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Saturday, Jun 23, 2018
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Rays' game time leaves working fans in dark

Fans are gearing up for the Tampa Bay Rays' face-off with the Boston Red Sox in the American League Division Series, but the midafternoon start time of today's first game in Massachusetts means the 9-to-5 crowd will miss out on much of the TBS broadcast.

That's because many large workplaces in the Tampa Bay area won't let workers head home or elsewhere before the game's 3:07 p.m. start time. Nor will they allow television or radio broadcasts to interrupt work schedules.

Spokespeople for major employers such as the University of South Florida, Pinellas County government, Franklin Templeton and Raytheon say their workers will stay on task until it's time to head home — though a bit of fanfare is acceptable.

“The county doesn't give time off for ballgames,” wrote Pinellas County spokeswoman Mary Burrell in an email, “although I know a lot of departments will be encouraging folks to wear their fan shirts if they want to.”

The same goes for the city of St. Petersburg, which is fighting to keep the team from leaving the city to play somewhere else. Rays fever was evident at Thursday's city council meeting with councilmen Bill Dudley and Wengay Newtown wearing Rays shirts and Mayor Bill Foster declaring October to be “Celebrate the Rays Month.”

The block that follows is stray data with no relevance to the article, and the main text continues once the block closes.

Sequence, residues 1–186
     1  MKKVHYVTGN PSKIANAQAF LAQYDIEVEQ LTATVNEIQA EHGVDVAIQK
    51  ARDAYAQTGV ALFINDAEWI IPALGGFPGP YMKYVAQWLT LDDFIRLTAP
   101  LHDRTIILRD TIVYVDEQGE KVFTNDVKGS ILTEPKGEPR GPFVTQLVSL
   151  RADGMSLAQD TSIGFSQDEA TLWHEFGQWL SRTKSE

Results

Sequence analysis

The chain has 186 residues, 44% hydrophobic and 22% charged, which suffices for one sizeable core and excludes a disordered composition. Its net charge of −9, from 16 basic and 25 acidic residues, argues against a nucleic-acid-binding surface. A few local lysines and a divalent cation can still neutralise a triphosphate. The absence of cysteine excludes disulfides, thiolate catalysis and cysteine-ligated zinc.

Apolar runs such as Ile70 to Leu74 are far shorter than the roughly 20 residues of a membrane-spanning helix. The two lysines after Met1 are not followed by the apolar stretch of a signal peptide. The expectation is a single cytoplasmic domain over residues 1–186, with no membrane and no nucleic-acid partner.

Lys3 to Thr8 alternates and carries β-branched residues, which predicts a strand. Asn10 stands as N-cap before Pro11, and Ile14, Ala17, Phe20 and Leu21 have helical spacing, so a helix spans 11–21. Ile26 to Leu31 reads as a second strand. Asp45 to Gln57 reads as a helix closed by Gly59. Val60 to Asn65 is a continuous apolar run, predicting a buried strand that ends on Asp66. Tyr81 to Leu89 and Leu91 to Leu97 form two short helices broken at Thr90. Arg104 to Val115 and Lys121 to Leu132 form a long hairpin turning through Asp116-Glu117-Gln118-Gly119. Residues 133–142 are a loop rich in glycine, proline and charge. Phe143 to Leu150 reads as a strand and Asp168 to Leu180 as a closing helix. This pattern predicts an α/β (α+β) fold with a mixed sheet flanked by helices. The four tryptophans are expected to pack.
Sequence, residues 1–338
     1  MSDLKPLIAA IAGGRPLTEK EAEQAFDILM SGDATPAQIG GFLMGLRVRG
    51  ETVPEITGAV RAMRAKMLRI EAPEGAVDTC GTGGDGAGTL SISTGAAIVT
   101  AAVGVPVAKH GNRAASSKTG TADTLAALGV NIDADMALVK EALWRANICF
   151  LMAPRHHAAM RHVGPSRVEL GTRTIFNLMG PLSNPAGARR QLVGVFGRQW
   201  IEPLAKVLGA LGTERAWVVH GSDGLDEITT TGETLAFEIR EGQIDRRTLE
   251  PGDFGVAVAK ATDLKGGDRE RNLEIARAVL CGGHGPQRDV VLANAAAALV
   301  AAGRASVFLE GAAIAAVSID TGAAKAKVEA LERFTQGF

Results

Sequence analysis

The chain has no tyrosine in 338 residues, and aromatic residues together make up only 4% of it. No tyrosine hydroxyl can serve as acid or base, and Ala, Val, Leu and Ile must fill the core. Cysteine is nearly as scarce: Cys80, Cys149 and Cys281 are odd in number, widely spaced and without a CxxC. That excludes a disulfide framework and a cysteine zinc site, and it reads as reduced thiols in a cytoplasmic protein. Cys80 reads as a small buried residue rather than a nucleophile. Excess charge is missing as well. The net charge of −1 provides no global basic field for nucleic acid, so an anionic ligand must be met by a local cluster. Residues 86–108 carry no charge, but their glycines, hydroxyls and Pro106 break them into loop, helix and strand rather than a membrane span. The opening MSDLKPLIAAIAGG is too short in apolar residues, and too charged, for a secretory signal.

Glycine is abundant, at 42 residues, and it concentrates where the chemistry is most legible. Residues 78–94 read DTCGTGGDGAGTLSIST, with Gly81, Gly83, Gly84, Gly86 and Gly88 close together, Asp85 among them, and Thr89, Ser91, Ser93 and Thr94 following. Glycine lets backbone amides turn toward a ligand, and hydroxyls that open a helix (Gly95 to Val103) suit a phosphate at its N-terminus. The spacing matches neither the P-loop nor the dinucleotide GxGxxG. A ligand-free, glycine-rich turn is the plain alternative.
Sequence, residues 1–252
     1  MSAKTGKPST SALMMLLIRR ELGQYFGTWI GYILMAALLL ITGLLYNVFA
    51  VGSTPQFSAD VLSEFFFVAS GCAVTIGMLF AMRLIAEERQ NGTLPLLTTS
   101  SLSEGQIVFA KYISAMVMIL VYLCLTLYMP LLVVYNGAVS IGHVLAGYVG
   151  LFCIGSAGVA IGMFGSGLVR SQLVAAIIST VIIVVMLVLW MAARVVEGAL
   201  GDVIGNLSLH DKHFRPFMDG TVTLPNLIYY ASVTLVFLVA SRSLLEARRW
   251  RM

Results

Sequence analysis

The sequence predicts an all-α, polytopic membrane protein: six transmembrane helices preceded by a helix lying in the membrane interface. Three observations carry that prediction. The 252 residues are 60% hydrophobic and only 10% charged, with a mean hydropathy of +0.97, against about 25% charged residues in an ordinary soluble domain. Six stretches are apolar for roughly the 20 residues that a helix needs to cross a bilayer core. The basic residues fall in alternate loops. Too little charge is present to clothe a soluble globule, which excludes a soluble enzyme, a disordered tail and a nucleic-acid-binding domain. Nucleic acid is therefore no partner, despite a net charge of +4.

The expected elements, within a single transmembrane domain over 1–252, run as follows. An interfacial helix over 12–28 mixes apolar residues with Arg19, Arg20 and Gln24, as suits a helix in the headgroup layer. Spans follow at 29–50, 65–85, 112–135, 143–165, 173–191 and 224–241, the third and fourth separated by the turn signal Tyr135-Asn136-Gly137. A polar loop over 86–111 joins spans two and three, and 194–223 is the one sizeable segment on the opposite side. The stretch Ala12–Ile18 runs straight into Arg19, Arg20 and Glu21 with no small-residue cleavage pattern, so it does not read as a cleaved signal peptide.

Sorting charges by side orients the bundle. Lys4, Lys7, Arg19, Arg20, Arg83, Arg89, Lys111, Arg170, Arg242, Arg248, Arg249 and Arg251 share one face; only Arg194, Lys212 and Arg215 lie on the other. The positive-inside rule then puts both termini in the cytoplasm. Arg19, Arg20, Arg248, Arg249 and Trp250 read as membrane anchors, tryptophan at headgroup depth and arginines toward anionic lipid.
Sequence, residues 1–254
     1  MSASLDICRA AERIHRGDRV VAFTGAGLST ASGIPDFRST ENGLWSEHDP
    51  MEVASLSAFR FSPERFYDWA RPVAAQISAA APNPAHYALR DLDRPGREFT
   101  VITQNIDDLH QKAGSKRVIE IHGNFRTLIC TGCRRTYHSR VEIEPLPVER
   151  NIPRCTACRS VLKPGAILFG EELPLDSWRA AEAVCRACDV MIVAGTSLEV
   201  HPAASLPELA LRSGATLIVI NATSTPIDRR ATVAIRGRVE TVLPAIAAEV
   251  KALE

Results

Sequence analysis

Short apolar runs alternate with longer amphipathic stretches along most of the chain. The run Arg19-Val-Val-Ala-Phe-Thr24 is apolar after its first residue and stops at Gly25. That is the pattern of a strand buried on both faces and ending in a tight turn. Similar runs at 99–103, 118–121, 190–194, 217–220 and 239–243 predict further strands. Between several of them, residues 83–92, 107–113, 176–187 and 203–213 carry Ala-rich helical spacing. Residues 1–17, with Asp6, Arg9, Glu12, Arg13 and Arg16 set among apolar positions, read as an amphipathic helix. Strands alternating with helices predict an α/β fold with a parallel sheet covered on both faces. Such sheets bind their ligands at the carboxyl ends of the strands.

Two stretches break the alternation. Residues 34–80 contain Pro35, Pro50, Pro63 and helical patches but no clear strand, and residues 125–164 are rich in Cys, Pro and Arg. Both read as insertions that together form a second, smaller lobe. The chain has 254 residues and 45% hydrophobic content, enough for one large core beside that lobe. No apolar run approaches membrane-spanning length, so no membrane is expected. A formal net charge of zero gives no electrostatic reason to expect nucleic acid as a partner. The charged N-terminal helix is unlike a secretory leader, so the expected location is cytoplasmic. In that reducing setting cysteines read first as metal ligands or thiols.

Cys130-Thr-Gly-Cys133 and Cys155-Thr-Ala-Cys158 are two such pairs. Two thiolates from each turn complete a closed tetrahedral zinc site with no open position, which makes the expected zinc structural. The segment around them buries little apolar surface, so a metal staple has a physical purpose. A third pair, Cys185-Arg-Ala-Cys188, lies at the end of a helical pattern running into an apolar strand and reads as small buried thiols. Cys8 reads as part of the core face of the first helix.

But that doesn't mean city workers will be given time off to watch today's game. “We don't typically do that,” said city spokeswoman Beth Herendeen.

The city is planning a festival for Monday's game at Tropicana Field with music, activities, giveaways and games on Central Avenue near Ferg's Sports Bar and Grill. “It's just to create a little festival atmosphere if people want to hang out before the game,” Herendeen said.

Even some of the team's corporate sponsors don't plan to let workers off the hook for the last few hours of the workday. Troy Atlas, senior vice president of investments at the downtown Tampa branch of Raymond James, said until markets close today, employees may keep tabs on the Rays on the Internet, but clients are the priority.

But some TVs in the office tuned to Bloomberg TV for financial news might end up showing a different channel come game time. “I wouldn't be surprised if a few of the them were tuned to the Rays game instead,” Atlas said.

George Glover, chairman of Baystar Hotel Group, said his co-workers plan to leave work early today — but there's a catch.

“We're going to get here between 6:30 and 7 (a.m.),” he said.

Owners of smaller businesses might cut their employees a little more slack.

“We will be ... turning the lights off around 2-2:30 (p.m.) tomorrow to give us time to get to our favorite spot to watch the Rays beat Boston in Game 1 of the ALDS,” said Sean Roney, managing partner and one of five employed at Roney Design Firm in downtown St. Petersburg. “Go Rays!”

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